Mystic Seaport Museum has received two federal grants that will rehabilitate an ailing schooner, and save thousands of photographic negatives from further deterioration.
The grants were part of the National Parks Service's Save America's Treasures Program. The Museum was given a grant of $491,770 to restore the 1921 Fishing Schooner called the L.A. Dunton. Mystic Seaport Museum's Dan McFadden said the 123 foot vessel is one of the last surviving examples of the Grand Banks fishing schooners, which were used frequently in New England waters. McFadden said the L.A. Dunton also needs a lot of work.
“Over time wooden vessels deteriorate, it’s just a fact of nature,” said McFadden. “The Dunton needs a lot of structural work. It needs a new deck, new deck houses, really the whole hull will be addressed in many different ways to get her back to 100 percent.”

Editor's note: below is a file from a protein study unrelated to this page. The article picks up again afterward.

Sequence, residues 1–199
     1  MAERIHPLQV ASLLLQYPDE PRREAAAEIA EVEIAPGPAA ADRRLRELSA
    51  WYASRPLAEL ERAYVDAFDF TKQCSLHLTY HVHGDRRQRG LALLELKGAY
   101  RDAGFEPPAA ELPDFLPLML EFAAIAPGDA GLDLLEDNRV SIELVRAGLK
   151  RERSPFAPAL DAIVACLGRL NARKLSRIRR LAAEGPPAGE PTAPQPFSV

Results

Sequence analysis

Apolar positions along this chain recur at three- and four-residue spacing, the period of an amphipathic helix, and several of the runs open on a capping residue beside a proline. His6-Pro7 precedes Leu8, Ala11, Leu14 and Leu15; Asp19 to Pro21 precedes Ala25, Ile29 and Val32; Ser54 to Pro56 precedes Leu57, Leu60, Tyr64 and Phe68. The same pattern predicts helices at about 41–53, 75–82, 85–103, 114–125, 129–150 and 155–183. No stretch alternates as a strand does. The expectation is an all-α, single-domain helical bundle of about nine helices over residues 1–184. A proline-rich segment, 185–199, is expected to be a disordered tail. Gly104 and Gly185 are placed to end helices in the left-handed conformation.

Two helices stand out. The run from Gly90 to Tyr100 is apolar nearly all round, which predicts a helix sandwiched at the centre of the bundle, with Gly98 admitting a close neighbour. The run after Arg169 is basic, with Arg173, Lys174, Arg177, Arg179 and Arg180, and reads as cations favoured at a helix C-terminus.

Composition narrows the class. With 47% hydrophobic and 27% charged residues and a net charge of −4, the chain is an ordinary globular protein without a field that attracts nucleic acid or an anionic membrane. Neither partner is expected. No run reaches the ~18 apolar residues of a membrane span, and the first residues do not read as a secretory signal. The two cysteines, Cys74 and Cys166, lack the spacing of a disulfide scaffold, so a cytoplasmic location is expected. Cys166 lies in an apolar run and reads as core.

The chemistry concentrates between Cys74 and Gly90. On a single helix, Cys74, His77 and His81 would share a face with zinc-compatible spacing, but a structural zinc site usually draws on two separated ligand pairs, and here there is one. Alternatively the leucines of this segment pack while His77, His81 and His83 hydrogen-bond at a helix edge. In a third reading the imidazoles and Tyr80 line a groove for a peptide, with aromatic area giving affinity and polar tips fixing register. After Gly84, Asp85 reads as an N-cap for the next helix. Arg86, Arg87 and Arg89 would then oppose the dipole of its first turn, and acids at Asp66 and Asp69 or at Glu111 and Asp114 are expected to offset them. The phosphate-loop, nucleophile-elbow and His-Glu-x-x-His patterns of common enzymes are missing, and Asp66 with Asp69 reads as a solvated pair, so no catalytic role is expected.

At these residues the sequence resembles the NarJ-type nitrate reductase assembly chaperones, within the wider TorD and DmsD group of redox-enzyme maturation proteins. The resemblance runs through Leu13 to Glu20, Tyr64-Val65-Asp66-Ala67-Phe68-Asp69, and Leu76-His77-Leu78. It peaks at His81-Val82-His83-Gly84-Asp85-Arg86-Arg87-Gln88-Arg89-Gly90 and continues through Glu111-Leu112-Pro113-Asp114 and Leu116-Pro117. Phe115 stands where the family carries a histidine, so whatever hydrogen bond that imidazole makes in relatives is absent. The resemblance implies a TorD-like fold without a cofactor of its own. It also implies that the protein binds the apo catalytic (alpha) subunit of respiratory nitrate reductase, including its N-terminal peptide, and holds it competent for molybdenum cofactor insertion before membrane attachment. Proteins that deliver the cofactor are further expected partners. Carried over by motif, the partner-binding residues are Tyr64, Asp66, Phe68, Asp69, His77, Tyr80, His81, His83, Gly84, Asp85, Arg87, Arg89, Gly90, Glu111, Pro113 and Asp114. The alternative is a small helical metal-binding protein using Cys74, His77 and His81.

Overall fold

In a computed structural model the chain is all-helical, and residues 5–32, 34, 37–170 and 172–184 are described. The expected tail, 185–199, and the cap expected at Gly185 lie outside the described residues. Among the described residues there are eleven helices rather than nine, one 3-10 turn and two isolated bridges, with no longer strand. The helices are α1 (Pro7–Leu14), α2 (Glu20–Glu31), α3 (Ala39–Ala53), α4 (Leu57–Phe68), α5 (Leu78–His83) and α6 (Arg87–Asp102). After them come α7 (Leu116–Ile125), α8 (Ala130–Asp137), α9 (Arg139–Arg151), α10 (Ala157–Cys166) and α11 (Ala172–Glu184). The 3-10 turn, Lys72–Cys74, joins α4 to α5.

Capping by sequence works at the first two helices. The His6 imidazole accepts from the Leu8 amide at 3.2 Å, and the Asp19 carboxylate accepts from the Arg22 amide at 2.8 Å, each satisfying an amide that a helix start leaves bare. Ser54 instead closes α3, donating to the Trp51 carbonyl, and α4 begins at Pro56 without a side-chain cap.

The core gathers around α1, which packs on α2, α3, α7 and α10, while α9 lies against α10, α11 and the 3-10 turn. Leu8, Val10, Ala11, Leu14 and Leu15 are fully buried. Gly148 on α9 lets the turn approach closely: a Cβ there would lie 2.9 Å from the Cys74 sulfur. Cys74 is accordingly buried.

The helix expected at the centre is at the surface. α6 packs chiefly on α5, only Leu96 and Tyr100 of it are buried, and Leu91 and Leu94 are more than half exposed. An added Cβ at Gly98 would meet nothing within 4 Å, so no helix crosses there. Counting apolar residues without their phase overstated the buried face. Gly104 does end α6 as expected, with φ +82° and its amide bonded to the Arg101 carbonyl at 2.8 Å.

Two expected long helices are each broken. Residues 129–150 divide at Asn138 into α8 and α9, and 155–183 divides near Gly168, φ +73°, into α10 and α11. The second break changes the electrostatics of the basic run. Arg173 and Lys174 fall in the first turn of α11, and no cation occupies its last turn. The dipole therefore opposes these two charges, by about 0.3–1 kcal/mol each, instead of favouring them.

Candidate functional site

The second grant will be used to restore deteriorating negatives from the Museum’s Rosenfeld Collection of Maritime Photography. The collection is considered the largest archive of maritime photographs in the United States.
McFadden says there are negatives in the collection whose plastic mount has separated from the base, resulting in a condition called "vinegar syndrome."
“What happens is the plastic backing gives off acetate, which smells like vinegar,” explained McFadden. “What we need to do is identify those negatives in the collection that need to be preserved. And there is a preservation process where you actually remove the film element from the plastic backing and separate it. You can then digitize it, and create a new negative. It's technical, time consuming, and expensive, but it's what we need to do.”
McFadden says the $244,000 grant will restore and digitize 3,500 negatives from the collection.